3If I spent more time on music and not wasted time on work, I would have built a career in music
In part, such a statement is true. Now think about the reasons why a five-day workweek might make you put more effort into your music:
- Have you ever received any benefits at work that helped you and your family?
- Have you participated in any useful training or attended any employer-sponsored/paid-for courses?
- Do you socialize with people at work and on the job, which gradually improves your communication skills?
Most of the answers to these questions will probably be in the affirmative. Now think about the fact that all of these points are not in any way harmful to you as a musician; on the contrary, they are good for you!
As a recruiting assistant, I am constantly interacting with people, building complex social relationships with both potential employees and supervisors. The more I interact with people, the better my communication skills, which helps me as a musician. At the end of the day, communicating with your management team is no different than communicating with a label executive.
4 I don't have time for music and work at the same time
We've already touched on the subject of overlap in parsing Myth #2, but now let's be honest with ourselves: if we think we don't have time for something, it doesn't mean that we really don't.
The most common question I get asked is, "How do you keep up with your website, your podcast, your albums, your blog, and your other job eight hours a day all week?" A lot of people don't know: I have three kids.
Yes, there is a lot going on during the day. But if we look at time in terms of energy expenditure, we realize that we don't spend all of our energy in a single 8-hour workday. The most important thing to ask yourself is: "Am I spending my energy on what I really need?" The answer is likely to surprise you:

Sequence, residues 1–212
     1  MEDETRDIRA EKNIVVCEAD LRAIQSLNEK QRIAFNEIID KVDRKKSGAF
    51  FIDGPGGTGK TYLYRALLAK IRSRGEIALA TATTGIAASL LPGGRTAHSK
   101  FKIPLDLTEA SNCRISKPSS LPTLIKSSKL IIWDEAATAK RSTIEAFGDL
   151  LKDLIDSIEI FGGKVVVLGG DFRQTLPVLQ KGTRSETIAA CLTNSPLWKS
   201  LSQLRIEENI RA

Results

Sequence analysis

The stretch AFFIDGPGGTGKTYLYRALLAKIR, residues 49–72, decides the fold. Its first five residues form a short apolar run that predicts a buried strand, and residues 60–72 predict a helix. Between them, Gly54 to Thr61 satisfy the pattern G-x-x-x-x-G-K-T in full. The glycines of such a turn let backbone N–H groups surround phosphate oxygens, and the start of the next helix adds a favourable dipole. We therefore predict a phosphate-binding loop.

We spend our time irrationally
I am surprised by people who work in finance, medicine, education, and how they spend their time after work. Some go to courses, some go to fitness classes, some go to coaching. The list could go on and on. All of these activities require a lot of time.
So is it possible to become a professional in the music field while having some kind of job? How do you find time for everything? You have to learn how to distribute your energy during the day.
After work, you're probably watching an episode of a popular soap opera, maybe more than one. Or maybe you go to a coffee shop where there are big discounts on pastries after 6 p.m. There's nothing fatal about any of this, but there's nothing important either. So wouldn't it be better to devote those two hours to your hobby, your blog, or whatever else is a priority for you?
5The only way I'll make it in music is if I quit my job.
Quitting your job for music might not be a bad idea. But before you go running to your boss with a statement, let's think it over.
Are you ready to practice music eight hours a day, five days a week? Music becomes your real job, you don't have to look for interruptions or make excuses anymore. Are you really ready to work as a musician and take it as seriously as you did as a salesman/manager/butcher?
Of course, it's not right to lump everyone together; everyone is different. However, before you quit your job, please make sure you still want to be creative enough to devote ALL YOUR TIME to it.
In conclusion, I would like to say that man is a unique creature. Each of us has some professional skills and abilities in addition to hobbies and dreams. It's up to us to figure out how to apply them in our work, combining them with our life experience. As soon as you find a comfortable option, new horizons will open in front of you, the amount of energy will increase, and the desire to create and create will become much more.
Well, before that happens, I'll tell you this: meet me in the office on Monday at 8 a.m.Dec. 26, 2022, 8:51 a.m. | 32,839 views